Facial recognition will certainly continue to grow, and people will come to see it as a routine part of daily life. However, some people still feel uncomfortable about the technology. Some feel that having their facial images captured at an event, or having their movements tracked there, infringes on their personal right to privacy. They forget, of course, that they are being captured every day by cameras in lifts, offices, hotel lobbies, transportation systems and in city streets. Thus it is important for organisers to create ‘opt in’ opportunities that give guests a sense of control. It will be a challenge for event organizations to clearly communicate what data they are capturing, what they are going to do with it, and what will happen to the data after the event. It is important to make guest feel comfortable. If their data is used responsibly and this is communicated well, most guests understand the advantages.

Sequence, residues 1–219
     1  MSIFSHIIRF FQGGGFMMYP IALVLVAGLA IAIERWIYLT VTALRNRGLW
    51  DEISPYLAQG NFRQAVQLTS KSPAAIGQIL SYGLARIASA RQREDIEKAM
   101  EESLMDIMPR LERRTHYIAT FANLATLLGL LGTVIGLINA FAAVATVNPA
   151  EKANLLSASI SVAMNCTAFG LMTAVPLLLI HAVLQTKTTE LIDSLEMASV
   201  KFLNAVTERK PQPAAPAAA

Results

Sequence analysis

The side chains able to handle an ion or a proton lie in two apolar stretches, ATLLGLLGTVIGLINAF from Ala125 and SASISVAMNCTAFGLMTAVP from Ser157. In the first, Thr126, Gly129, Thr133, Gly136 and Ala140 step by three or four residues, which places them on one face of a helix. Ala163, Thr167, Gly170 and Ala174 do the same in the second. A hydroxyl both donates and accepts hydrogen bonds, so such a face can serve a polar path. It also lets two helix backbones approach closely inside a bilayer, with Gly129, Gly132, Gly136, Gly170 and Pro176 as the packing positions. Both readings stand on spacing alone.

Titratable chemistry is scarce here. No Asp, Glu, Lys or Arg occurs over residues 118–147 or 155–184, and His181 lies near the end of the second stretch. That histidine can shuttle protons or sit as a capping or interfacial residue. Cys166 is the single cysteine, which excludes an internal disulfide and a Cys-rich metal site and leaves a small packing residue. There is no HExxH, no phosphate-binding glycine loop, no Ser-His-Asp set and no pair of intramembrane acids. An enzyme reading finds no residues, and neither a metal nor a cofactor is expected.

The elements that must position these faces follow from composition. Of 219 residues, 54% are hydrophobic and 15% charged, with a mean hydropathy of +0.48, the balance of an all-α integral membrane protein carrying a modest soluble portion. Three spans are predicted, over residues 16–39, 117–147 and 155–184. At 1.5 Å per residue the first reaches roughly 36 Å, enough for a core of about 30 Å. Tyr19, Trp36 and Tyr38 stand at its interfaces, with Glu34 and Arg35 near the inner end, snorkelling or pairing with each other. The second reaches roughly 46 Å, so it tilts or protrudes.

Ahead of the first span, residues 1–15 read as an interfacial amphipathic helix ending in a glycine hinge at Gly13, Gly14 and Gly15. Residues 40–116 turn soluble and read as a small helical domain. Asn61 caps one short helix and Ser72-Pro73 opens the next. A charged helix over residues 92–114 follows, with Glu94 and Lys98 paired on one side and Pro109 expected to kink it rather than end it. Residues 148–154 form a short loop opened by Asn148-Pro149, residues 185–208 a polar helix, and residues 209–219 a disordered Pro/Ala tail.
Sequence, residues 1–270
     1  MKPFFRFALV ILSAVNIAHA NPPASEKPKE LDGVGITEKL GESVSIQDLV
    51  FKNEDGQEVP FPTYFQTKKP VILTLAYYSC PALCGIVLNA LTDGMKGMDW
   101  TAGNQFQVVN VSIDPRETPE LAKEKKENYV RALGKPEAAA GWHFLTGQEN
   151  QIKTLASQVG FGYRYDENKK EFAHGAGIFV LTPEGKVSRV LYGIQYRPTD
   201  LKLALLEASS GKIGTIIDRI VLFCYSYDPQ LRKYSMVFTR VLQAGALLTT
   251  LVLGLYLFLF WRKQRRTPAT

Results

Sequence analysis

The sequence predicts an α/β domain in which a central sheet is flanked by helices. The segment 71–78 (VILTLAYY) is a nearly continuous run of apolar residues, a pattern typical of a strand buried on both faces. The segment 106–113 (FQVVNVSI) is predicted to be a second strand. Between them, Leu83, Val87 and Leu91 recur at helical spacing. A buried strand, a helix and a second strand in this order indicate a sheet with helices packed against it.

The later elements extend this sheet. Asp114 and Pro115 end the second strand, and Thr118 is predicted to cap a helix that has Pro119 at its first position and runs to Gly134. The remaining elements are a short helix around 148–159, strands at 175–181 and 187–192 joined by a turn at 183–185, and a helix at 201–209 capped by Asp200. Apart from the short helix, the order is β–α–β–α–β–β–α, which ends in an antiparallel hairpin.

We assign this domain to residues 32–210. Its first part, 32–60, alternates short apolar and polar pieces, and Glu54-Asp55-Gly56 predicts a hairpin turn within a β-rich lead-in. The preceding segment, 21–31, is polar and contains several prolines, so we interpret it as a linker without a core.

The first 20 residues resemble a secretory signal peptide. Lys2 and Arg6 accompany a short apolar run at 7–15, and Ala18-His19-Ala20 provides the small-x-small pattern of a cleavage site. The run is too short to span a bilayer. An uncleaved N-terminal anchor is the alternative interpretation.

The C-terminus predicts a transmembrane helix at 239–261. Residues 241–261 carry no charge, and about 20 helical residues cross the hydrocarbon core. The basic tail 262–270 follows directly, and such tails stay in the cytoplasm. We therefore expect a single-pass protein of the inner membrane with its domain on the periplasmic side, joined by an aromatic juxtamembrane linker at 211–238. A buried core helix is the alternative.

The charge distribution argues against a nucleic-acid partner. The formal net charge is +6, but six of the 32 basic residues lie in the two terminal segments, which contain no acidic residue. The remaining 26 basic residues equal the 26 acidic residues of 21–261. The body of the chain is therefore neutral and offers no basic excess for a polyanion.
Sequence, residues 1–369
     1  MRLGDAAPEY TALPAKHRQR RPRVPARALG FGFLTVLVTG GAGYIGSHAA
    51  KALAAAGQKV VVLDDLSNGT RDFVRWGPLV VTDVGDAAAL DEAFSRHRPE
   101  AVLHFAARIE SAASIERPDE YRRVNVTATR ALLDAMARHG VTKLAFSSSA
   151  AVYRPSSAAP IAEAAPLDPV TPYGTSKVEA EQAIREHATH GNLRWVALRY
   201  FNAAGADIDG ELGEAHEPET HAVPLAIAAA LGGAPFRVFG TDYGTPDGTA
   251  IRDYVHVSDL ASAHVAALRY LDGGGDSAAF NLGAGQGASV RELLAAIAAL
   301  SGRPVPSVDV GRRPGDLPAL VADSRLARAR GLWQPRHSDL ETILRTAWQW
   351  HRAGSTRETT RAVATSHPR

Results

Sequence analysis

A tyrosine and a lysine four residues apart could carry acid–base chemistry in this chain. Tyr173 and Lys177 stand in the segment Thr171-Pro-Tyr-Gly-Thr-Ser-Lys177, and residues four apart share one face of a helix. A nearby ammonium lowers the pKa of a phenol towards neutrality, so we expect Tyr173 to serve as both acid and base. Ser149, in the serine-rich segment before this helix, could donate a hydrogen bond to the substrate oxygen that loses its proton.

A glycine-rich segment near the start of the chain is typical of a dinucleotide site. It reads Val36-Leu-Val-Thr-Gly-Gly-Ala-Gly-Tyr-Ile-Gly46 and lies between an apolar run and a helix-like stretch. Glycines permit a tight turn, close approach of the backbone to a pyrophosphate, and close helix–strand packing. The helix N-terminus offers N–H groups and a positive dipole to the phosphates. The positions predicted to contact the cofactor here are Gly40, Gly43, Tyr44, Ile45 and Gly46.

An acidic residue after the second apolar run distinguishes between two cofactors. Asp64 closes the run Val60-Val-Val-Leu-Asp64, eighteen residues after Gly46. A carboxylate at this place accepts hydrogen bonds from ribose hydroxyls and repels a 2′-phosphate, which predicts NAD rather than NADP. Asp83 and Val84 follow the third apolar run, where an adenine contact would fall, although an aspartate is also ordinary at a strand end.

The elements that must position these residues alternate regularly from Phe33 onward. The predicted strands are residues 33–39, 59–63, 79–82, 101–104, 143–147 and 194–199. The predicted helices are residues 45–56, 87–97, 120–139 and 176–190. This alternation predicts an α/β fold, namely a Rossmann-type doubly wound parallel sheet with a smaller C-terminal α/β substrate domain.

**An edited version of this insight appeared in PCMA website on 17 May 2018.
Gregory Crandall, Director of Brand Engagement of Pico+ Hong Kong, was invited by PCMA to share his views on the privacy concerns related to facial recognition at events.
Source: PCMA, 17 May 2018